Here I am working off a black and white photograph, but I aim to create a colorful image. Since I have no skin tone reference I begin my sketch in dark brown, adding a little bit of lighter brown tones to the background and shadows. That’s a nice neutral color to work with. I decided to present my girl as a snake charmer, so I add some snakes around her neck in place of the jewelry. This stage is all about construction. I am sculpting a form. Only when I am happy with my composition and proportion can I move on to the next step of adding color and detail.

This is where the fun of digital painting begins for me. From now on I will be mostly playing with my brush tool. Over the years I have constructed and perfected the brushes that I like, setting their hardness, number of bristles, resistance to pressure, consistency of bristles, etc. I have my favorites and know exactly how to get to them at a click of a button. I don’t notice switching tools anymore. They seem to just magically switch on their own in my hand as I wish for them. I will use wider strokes of soft brushes at a mere 4 % to 6 % opacity to begin building up my skin tones, light and shadow, and thus my 3D effect.

Sometimes I will use “motion blur”, “soften” or “zoom blur” to soften those strokes even further. For the finer detail, I switch to harder, smaller brushes at higher opacity. I build many layers as I paint. Pretty much each new type of paint goes onto a newly created layer, just in case I want to blur or otherwise alter only that one layer and not my entire painting. Learn to love your layers, but don’t get buried in them. If you have 36 layers and none of them are grouped, numbered or named, editing will be a nightmare. Group related images into bundles. Name them appropriately if are having a hard time keeping track of numbers. I tend to create over 40 layers per digital painting, but in grouping or merging them I end up working with 10 or less. Remember to save your work as often as you can while you are painting. There is nothing more disappointing in digital art than to have your program get overwhelmed, crash, and set you back multiple hours or even days. Save, save, save. Very hard lesson learned here.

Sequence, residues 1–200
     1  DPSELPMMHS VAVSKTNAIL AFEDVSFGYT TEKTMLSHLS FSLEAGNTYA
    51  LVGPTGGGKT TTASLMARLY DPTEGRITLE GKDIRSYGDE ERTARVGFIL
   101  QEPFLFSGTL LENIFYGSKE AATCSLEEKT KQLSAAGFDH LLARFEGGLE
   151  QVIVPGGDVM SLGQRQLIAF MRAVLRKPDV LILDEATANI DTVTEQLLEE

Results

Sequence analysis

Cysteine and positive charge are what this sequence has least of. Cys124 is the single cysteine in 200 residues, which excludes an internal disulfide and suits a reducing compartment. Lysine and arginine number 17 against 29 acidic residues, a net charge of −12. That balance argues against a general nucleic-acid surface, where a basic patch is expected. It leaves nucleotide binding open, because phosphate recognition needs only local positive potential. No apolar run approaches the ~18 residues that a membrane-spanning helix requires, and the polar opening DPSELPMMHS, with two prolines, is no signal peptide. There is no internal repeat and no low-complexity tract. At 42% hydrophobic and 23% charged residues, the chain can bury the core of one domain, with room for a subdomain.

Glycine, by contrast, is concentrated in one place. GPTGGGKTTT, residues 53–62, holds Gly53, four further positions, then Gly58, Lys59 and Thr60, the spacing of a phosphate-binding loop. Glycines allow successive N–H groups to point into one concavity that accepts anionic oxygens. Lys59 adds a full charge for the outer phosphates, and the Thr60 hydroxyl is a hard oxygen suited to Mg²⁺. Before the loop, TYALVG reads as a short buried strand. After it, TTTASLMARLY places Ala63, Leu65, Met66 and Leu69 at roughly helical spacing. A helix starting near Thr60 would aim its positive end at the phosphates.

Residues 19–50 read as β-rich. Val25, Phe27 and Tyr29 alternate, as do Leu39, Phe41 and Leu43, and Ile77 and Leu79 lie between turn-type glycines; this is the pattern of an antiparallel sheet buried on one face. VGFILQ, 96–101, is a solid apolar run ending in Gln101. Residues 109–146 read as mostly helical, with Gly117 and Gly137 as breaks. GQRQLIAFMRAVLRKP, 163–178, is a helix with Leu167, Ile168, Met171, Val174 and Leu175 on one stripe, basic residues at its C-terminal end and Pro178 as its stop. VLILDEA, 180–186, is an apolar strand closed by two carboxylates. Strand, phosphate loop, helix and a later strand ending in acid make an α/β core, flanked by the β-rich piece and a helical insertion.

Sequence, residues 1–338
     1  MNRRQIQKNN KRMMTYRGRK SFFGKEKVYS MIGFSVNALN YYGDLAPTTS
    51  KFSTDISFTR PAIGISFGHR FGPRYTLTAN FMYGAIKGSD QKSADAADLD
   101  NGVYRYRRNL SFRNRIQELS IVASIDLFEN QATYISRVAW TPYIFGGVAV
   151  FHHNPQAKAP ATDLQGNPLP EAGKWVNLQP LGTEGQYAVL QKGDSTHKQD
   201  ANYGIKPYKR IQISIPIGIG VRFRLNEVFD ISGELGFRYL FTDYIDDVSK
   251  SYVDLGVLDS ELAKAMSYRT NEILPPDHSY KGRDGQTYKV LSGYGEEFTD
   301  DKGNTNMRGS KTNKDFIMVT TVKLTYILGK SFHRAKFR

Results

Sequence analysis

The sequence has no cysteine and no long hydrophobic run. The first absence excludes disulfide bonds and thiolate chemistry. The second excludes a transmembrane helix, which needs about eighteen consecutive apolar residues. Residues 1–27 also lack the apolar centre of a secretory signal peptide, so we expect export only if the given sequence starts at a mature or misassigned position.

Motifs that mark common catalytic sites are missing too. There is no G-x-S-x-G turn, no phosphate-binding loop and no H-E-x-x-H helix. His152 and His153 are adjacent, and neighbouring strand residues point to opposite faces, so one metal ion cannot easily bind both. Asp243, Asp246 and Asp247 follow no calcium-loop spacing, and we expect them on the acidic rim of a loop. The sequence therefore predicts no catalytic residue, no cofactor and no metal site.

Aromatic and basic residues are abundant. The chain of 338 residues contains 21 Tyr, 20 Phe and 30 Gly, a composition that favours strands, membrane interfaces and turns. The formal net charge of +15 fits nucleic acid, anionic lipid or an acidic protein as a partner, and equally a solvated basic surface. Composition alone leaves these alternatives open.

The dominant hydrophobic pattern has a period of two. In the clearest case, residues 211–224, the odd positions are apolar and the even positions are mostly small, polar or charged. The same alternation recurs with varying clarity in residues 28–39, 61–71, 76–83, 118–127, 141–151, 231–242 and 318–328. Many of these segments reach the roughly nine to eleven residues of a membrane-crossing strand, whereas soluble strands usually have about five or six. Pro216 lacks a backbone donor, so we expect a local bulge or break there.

In this particular project I want to show off the photorealism of the snake face, and some realism on the girl’s features, while leaving most of the rest of my drawing in near sketch form. I am only interested in these two characters. The snake is in the foreground and thus gets more attention. I want the snake to nearly leap off the page so I concentrate most of my efforts on this one element. I look at hundreds of photos of snakes before I finally get all the detail just right. Now that my composition and my details are complete I can afford to play with backgrounds, textures, and effects. This is window dressing. The main work is done.

I have a library of backgrounds, designs, surfaces and textures, and I use tools like “gel”, “colorize”, “shadow map”, “magic combine”, “pseudocolor”, “screen”, “overlay”, and many others to play with fun effects to create the mood and style that I desire. In this case, I want my piece to obviously be a sketch or a drawing that just happens to have a hyperrealistic snake head reaching out of it, so I don’t go for anything that will create depth. On the contrary, I am aiming for a flat and fabric-like backdrop.


My snake charmer is now complete, but I am still looking for ways to make that snake stand out even more. A couple more layer tricks and a very dramatic crop with some shadow effects, and I am finally satisfied. Do not be afraid to scrap over 50% of your creation. Many artists become overly protective of each and every brush stoke, thus preventing themselves from achieving better compositions and presentations. I think of a final version of any illustration as of a photograph. I first create the entire scene that I wish to look at, and then I zoom in and snap a nicely framed photo. In this case, while I did enjoy working on the hands and the lower torso, those elements are completely irrelevant to the focal point of my image, thus they are also disposable. This illustration is now complete for our purposes, but I find that with digital painting a piece is never really finished. There is still so much more than I can do with this, treating it as a single complete element.

I hope you enjoyed our little journey and picked up some tricks along the way.